This article is the follow up to my recent post, The Artist Within. It is a brief outline of F. Scott Fitzgerald’s life and illustrates how he became part of my collection of Tortured Souls.
Francis Scott Fitzgerald is considered one of the great American writers of the 20th Century. At 23 years old, he had achieved glittering success but sadly, he went on to live a life of excess, alcoholism and depression leading to an early death at the age of 44. By the time of his death, most of his works were out of print and his early achievement as a literary star was almost forgotten.
In the early days, alcohol softened the blow of rejection and camouflaged the pain of poverty. At the height of his career, he and wife Zelda lived the celebrity lifestyle, resembling that of the characters in his highly successful novel, The Great Gatsby. Extravagant parties with the elite, expensive liquors, hysteria and outrageous behaviour were all part of a regular day for the Fitzgerald’s. They revelled in the attention and were always agreeable to put on a show. Their relationship was fraught with dysfunction which they openly demonstrated to an appreciative audience. However, they were soon to become boozed up, burned out and broke. Their audience became bored with the frantic outbursts and tiresome arguments and The Fitzgeralds’ dwindling bank balance could no longer satiate their hungry, opulent appetites.
Scott’s alcoholism exacerbated and Zelda suffered from several mental and physical breakdowns. By 1930, Zelda was diagnosed with schizophrenia resulting in long stays in clinics which would become the course for the rest of her life. In 1936, Fitzgerald wrote, 'Of course all life is a process of breaking down .... For sixteen years I lived pretty much as this latter person, distrusting the rich, yet working for money with which to share their mobility and the grace that some of them brought into their lives…..,' from The Crack Up, a collection of personal essays and letters. This period became known as the Crack Up; Fitzgerald, was drunk, broke, living in hotel rooms and unable to write commercial stories. His stories about himself, his musings and his alcoholism were not well received and he was unable to command, the once high prices, he achieved from his magazine stories. By the end of the 30’s, his acute alcoholism was taking its toll. His health was dramatically deteriorating and he was badly affected by recurring bouts of tuberculosis. In late 1940, Fitzgerald suffered a heart attack and on the 21st December 1940, he suffered a further, massive heart attack, ending his short and troubled life.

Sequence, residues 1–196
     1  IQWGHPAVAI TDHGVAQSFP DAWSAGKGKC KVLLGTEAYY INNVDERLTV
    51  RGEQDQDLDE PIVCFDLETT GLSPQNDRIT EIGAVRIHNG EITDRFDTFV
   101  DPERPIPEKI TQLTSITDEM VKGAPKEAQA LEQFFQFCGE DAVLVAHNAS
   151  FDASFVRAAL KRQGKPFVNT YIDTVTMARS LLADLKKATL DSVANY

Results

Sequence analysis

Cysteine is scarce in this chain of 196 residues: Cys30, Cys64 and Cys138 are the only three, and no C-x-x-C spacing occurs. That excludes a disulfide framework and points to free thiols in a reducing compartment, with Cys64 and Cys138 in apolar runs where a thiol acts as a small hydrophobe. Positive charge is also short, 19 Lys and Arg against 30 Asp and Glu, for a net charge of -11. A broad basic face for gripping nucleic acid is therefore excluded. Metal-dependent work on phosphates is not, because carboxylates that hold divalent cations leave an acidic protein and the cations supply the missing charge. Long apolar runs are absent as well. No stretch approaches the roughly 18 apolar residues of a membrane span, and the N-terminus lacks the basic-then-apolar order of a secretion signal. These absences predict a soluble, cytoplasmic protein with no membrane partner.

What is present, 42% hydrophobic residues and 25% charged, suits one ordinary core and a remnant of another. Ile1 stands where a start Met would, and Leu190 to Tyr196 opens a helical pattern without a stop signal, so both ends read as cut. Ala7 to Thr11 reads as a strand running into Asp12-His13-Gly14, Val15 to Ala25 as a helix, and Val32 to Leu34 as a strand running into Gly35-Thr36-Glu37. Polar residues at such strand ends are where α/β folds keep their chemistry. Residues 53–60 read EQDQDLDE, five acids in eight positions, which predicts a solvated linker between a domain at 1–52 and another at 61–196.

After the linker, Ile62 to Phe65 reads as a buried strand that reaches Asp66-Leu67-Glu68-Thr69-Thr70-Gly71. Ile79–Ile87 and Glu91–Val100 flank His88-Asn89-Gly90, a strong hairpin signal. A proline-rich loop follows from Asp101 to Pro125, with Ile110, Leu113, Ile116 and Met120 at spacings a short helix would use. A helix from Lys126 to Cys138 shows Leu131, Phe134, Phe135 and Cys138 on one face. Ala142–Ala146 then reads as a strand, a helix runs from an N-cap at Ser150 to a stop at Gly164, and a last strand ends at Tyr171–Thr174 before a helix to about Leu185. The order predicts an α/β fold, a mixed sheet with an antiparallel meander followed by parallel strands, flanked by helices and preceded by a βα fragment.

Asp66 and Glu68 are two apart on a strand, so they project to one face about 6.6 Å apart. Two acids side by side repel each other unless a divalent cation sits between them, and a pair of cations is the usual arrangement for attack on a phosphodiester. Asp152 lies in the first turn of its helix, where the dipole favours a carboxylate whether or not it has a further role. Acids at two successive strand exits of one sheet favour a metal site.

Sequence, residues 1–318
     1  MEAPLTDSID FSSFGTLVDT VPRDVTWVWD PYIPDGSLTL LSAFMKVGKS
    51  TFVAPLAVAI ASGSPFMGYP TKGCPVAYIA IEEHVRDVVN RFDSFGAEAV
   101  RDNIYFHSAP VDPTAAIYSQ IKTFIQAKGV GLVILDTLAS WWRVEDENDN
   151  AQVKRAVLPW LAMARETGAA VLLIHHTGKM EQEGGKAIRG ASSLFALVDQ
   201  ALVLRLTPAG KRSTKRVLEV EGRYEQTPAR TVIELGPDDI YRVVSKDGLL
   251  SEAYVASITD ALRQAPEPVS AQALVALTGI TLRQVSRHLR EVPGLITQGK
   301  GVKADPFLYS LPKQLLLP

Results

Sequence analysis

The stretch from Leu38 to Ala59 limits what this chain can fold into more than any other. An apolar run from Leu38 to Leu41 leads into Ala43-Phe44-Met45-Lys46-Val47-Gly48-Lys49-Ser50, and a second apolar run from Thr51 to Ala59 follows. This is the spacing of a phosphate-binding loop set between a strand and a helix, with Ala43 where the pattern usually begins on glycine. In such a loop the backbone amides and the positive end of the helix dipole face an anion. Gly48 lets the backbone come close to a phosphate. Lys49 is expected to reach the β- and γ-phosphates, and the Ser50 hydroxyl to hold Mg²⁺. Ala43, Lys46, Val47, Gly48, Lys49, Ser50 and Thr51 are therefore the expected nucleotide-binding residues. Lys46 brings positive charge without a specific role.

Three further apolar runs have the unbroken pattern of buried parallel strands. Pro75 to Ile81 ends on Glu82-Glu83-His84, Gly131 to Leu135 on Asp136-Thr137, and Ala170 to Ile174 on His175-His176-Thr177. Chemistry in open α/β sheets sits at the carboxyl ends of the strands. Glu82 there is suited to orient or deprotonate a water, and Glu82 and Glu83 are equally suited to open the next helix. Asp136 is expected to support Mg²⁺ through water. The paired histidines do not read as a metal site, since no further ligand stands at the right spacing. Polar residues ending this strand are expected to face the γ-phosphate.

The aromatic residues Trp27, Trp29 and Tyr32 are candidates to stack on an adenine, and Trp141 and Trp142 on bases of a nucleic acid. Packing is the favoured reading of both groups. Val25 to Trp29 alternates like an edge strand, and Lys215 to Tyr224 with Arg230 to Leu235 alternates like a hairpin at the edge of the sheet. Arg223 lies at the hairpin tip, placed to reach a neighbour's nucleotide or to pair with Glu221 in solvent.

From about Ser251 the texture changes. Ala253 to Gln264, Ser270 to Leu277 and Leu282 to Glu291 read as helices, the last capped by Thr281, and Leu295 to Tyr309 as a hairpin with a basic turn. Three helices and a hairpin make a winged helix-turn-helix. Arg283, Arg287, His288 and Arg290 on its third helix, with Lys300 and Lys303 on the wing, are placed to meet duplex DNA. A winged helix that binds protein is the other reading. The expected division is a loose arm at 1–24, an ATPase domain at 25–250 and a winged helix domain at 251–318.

The main resource for Fitzgerald’s stories was his own life, his relationships, tragedies and feelings of failure. He wrote, ‘all the stories that came into my head had a touch of disaster in them, the lovely young creatures in my novels went to ruin, the diamond mountains of my short stories blew up, my millionaires were as doomed as Thomas Hardy’s peasants.’ If Fitzgerald had lived an ordinary life, would he have had the imagination to create such great work? Are we born artists with a certain temperament, perhaps destructive, that fuels our craft?
Fitzgerald left behind The Last Tycoon, his final novel, unfinished at the time of his death. It was edited and published in 1941 by his friend and literary critic Edmund Wilson.